Before I start sharing my CAT journey, let me tell you what you will know after reading this article.
We know that the journey from campus to corporate is never easy.
But what about the transition from corporate to campus. Is it easy? Or things go haywire in the process?
What motivates working professionals to run the CAT marathon despite their hectic schedules?
Okay, now let me take you through my journey to answer these questions.
How did your journey start?
It started with self-actualization. The realization that I was doing something I was not passionate about and that I could do more than what I had been doing. The feeling that I was not in the right place and that the best was yet to come. With these thoughts doing rounds in my mind, I made up my mind to take CAT. It was January 2017 when the idea of taking CAT became dominant in my heart and mind, courtesy of my job that was sapping me mentally every single day. New day, a new struggle, led to a fierce resolve.
And then, I began to read more about the CAT exam, came across various beautiful answers on Quora regarding how to prepare for CAT, which coaching institutes to join, and how to manage time for preparation alongside CAT. I was not in favour of joining any coaching institute after learning about the CAT syllabus, but even then, I visited a few institutes in Gurgaon like TIME and IMS. However, their whopping fee and my previous ordeal with coaching institute convinced me to go ahead on my own. And from there, the battle on the field began.
What was your schedule during the CAT preparation?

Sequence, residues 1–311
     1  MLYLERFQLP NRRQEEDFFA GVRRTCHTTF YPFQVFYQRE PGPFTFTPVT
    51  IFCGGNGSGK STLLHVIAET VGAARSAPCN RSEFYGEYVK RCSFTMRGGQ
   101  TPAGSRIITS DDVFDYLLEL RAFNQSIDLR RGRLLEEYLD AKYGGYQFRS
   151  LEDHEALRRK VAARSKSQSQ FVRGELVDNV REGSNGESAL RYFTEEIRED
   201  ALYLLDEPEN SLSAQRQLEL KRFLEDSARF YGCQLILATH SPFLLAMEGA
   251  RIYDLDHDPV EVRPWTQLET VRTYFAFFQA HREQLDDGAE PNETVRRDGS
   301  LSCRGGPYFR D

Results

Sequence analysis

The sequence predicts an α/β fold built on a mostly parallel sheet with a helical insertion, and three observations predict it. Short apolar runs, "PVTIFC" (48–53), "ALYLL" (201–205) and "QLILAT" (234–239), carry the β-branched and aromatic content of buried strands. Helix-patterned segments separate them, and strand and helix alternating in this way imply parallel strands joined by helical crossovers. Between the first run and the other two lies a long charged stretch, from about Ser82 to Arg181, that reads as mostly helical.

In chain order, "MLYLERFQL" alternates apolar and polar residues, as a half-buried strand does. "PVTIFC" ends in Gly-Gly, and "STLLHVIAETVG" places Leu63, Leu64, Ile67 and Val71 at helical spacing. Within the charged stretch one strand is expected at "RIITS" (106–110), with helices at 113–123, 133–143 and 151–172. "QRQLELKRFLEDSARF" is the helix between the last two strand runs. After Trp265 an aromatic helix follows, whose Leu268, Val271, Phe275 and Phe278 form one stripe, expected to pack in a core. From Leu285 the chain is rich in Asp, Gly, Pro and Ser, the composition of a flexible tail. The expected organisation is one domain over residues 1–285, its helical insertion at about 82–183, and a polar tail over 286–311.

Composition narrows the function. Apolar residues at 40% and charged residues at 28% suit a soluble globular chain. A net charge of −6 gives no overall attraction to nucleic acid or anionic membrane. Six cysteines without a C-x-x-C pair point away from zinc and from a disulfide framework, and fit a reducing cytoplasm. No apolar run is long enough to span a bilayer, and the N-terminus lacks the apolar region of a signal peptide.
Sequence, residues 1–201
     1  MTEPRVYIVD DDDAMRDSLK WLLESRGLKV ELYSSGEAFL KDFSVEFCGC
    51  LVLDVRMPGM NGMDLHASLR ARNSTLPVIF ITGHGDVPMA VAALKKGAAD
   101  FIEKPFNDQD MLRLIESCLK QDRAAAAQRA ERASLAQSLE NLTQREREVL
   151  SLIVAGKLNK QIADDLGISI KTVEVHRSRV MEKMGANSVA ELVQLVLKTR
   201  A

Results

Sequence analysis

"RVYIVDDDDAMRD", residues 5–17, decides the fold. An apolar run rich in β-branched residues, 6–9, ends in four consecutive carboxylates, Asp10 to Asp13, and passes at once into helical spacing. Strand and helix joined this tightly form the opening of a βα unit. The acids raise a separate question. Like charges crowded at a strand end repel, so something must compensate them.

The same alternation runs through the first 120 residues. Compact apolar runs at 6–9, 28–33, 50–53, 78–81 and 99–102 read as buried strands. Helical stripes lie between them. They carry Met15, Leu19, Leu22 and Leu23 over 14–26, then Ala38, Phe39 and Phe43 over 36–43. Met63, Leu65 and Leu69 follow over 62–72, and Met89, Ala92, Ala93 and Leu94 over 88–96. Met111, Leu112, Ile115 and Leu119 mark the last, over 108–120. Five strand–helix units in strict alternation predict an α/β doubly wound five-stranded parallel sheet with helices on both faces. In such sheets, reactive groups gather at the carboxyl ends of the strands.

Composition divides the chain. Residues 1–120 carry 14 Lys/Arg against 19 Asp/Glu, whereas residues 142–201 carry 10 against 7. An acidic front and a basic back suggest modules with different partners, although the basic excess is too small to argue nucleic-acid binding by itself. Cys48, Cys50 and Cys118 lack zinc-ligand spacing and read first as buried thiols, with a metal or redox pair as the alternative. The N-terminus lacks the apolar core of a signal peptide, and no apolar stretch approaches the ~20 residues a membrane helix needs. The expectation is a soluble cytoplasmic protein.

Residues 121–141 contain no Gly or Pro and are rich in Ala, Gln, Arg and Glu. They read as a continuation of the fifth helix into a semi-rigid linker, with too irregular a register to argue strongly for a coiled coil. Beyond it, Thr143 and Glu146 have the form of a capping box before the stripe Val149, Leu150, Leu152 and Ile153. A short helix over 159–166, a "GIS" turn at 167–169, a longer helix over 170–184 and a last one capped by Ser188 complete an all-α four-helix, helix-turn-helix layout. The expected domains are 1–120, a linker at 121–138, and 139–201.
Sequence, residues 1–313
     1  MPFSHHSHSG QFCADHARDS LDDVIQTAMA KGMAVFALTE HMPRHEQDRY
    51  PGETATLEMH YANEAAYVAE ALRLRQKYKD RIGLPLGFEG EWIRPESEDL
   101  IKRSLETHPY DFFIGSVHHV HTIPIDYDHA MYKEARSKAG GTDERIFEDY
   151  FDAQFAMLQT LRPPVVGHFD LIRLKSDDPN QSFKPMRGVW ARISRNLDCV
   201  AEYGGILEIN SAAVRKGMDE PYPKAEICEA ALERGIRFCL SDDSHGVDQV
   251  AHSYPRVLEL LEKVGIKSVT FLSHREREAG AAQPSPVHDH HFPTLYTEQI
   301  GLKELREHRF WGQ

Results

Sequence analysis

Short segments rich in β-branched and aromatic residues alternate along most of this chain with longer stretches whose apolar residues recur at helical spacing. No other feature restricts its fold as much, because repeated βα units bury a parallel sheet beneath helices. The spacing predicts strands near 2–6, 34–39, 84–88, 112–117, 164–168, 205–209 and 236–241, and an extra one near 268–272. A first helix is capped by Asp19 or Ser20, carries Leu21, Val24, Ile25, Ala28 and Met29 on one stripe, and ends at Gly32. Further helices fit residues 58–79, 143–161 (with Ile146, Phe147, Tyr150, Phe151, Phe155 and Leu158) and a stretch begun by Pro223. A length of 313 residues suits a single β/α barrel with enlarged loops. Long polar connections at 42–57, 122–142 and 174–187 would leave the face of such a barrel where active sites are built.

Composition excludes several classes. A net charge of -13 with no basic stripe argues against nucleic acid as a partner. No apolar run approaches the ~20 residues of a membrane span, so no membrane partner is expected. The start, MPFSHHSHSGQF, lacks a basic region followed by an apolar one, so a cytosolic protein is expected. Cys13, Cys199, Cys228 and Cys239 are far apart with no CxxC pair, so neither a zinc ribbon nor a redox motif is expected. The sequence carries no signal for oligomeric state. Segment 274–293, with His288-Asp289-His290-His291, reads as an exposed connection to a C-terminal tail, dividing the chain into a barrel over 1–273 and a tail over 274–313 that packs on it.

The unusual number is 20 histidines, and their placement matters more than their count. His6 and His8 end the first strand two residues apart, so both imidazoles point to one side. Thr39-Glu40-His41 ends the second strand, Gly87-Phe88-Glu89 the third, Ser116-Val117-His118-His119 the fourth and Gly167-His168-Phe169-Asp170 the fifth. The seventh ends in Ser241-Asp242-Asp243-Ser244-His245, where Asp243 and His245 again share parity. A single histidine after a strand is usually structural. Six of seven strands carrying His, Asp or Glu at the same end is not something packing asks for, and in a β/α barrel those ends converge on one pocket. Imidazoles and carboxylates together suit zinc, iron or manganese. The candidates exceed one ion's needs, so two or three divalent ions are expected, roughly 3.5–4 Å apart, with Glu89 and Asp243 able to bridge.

In the outset, around mid-January, I started taking baby steps. My work hours were from 9 AM to 5:30 PM, so in those days, morning hours were not very productive from the preparation point of view, so I used to study after office for about 2 hours every day. I didn’t force myself to spend more time because I wanted to set the tone for preparation. I would pick a quant topic and cover it in a few days, and also a little LRDI. No specific preparation started for VARC then, because I didn’t feel the need to do so. So, the point is, I did what I wanted to do at my own pace. This made my preparation intriguing. I started liking CAT preparation.
Perhaps, God was also on my side. It was around mid-march when my office timing changed and my office time became from 1 PM to 10:30 PM. It was indeed a stroke of luck because this timing gave me ample time in the morning to study. My preparation went to a whole new level. My day started at 6 AM and before leaving for office at 12:45 PM, I made sure I studied for around 4–5 hours.
Not only at home, but I was also swamped in my preparation in the office as well, thinking about one question or the other, and reading news online. I remember I used to have one pen and paper in my pocket always in the office. Whenever I found no one around, I would go to the office library and solve a few questions from social media platforms like iQuanta and 2IIM. In a nutshell, in weekdays, I used to study for around 6 hours every day. And this routine worked pretty well for me, for days and months.
I brushed up most of the concepts in six months. By the end of May, I was confident and fully braced to take the mocks.
But was I really ready?
“Life is very unpredictable. In no time, it can turn upside down.”
How did you fare in mock tests and what kept you going?
On weekends, I used to take a mock and analyze it. I took the first mock and scored barely 80 percentile. It was a jolt for me. Before I could get over it, I suffered another blow. In my second mock, I scored only 40 marks with an awful one mark in English and three marks in DILR. I felt completely devastated. I saw no ray of hope even after taking eight mocks. To be honest, I was losing confidence and getting restless. I did not know where I was going wrong. I felt like giving up.